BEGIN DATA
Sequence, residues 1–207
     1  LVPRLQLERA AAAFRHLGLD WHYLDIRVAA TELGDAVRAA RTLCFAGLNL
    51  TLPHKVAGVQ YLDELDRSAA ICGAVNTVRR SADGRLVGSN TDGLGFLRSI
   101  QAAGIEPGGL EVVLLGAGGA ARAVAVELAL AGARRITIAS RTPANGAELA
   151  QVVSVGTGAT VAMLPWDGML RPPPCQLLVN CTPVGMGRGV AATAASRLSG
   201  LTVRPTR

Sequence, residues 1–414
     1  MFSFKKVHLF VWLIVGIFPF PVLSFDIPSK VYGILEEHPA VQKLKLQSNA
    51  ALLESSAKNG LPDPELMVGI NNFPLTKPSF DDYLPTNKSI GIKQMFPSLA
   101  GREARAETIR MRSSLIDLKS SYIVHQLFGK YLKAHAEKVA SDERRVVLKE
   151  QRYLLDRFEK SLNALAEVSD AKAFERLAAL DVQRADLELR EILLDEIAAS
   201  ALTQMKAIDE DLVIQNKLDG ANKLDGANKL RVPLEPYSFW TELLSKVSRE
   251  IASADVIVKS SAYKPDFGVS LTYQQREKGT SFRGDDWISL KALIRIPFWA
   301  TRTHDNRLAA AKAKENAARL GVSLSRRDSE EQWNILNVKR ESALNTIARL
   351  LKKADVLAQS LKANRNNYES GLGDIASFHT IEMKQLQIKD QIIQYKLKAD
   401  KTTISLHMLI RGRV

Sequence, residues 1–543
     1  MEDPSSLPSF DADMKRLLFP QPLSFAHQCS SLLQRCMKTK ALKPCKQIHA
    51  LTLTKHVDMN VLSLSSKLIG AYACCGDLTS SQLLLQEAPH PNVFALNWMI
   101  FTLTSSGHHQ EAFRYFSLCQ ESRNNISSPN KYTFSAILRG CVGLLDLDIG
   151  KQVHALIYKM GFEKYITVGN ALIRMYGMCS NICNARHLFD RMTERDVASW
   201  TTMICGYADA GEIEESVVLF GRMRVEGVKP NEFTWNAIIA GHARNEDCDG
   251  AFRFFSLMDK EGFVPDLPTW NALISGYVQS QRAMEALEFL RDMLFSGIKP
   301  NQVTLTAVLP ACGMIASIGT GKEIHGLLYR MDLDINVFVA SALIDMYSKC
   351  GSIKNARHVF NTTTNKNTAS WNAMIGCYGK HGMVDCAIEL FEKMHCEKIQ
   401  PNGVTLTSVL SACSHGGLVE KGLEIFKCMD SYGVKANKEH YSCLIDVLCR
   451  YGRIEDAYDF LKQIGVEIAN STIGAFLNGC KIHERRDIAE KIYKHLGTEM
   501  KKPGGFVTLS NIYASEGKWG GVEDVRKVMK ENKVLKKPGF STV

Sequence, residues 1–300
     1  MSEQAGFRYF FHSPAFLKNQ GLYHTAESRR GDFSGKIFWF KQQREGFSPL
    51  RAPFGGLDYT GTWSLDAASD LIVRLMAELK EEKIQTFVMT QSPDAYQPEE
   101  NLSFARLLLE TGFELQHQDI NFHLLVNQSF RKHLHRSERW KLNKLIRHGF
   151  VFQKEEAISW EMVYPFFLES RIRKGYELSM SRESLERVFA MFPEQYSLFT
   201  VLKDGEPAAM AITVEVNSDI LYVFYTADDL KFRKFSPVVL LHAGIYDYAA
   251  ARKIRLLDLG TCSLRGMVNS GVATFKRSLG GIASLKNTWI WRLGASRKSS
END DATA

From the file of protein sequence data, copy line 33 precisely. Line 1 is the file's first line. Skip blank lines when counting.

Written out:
   151  VFQKEEAISW EMVYPFFLES RIRKGYELSM SRESLERVFA MFPEQYSLFT